How To Report Racial Discrimination

In today’s world, society has come a long way in terms of racial discrimination. Now more than ever, people are given opportunities in education, careers, and other areas no matter their race or ethnicity. However, that does not mean discrimination never occurs. Whether being denied admission to a specific college or university or being turned down for a job or promotion, racial discrimination still happens. When it does, it is important to not sit back and do nothing. For those who believe they have been discriminated against due to race, there are a variety of legal options available to them. If you fall into this category, make sure you contact a racial discrimination attorney from can ymployment Lawyers to discuss your situation in greater detail.

What is Considered Racial Discrimination?
According to racial discrimination law, this type of discrimination can take many forms. For example, it can include negative comments made while on the job or in a job interview, off-color jokes meant to offend, or pictures posted on bulletin boards or shared online that are racially insensitive. Whatever the case may be, it is important to not only recognize these incidents for what they are, but to also take appropriate steps to ensure they do not occur again and keep you from getting the opportunities you deserve. In these situations, it is best to immediately speak with a racial discrimination lawyer to have your situation evaluated and decide how best to proceed.

Office of Civil Rights
If you have been discriminated against on the job, while attempting to be hired for a job, or perhaps while attending a college or university, you have the right to contact the U.S. Office of Civil Rights. Since Title VI of the Civil Rights Act of 1964 prohibits discrimination due to race, color, or national origin, this can be a critical step in making sure you get the opportunities you deserve. In most cases, your complaint must be filed with the OCR within 180 days from the last act of discrimination against you. But before filing a complaint with OCR, it is usually recommended you investigate and attempt to exhaust all options available through your company’s grievance process. If this is done and a complaint still needs to be filed with OCR, it must be done within 60 days of completing the grievance process.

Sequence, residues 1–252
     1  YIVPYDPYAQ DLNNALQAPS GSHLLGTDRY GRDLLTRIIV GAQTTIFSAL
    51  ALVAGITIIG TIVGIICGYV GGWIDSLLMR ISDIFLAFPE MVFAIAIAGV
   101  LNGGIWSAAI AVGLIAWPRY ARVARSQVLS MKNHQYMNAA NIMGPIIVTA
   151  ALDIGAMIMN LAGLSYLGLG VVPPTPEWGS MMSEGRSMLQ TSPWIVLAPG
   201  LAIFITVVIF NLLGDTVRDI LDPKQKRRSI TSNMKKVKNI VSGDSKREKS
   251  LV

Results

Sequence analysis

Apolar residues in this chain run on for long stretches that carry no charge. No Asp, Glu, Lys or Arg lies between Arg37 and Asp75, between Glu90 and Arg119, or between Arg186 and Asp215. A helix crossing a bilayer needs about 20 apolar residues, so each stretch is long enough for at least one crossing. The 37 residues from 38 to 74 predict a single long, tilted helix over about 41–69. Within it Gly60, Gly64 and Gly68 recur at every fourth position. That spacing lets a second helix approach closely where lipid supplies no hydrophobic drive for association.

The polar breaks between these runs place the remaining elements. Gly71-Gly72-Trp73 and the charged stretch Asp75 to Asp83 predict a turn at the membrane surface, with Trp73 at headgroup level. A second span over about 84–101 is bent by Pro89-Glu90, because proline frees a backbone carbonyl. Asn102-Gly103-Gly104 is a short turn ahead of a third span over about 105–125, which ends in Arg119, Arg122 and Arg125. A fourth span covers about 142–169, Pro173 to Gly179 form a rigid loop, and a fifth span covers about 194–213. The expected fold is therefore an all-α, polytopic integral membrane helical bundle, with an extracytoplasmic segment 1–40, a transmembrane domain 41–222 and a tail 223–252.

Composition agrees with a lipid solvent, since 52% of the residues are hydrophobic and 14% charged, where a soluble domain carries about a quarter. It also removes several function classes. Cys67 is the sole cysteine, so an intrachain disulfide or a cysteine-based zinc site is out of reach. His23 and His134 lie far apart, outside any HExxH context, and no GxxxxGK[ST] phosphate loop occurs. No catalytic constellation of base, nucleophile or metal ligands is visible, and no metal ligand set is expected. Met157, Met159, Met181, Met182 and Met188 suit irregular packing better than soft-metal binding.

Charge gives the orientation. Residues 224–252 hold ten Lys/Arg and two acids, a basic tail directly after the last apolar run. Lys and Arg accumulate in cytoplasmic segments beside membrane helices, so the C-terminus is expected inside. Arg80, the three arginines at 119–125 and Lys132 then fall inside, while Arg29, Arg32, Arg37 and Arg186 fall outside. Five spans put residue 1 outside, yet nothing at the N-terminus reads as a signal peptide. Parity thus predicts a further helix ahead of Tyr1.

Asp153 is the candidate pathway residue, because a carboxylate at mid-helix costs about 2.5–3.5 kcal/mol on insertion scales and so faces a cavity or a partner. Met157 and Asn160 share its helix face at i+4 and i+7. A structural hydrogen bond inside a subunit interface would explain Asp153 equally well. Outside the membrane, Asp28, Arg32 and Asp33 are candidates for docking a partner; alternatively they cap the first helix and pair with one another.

Equal Employment Opportunity Commission
While you can pursue a complaint of racial discrimination through the U.S. Office of Civil Rights, most of these situations are handled by the U.S. Equal Employment Opportunity Commission, since the vast majority of racial discrimination law violations happen in the workplace. By filing a complaint with the EEOC, the agency will not only have the authority needed to conduct an investigation into the matter, but also settle a case or file a lawsuit on your behalf.

Filing a Charge of Discrimination
Once you decide to proceed with a complaint of racial discrimination through the EEOC, your first step will be to file a Charge of Discrimination. But before doing so, it is recommended you submit an online inquiry to the agency and speak to an agency representative about your allegations. While the EEOC representative can advise you on how to proceed, you have the legal right to file a complaint no matter what type of advice you receive from the EEOC. Due to the many complexities that can be involved in filing these charges, always make sure you are working closely with a racial discrimination lawyer who has experience handling these cases. If you decide to proceed, your charge must be filed within 180 days of the last discriminatory act, or 300 days if your state has additional laws prohibiting this form of discrimination.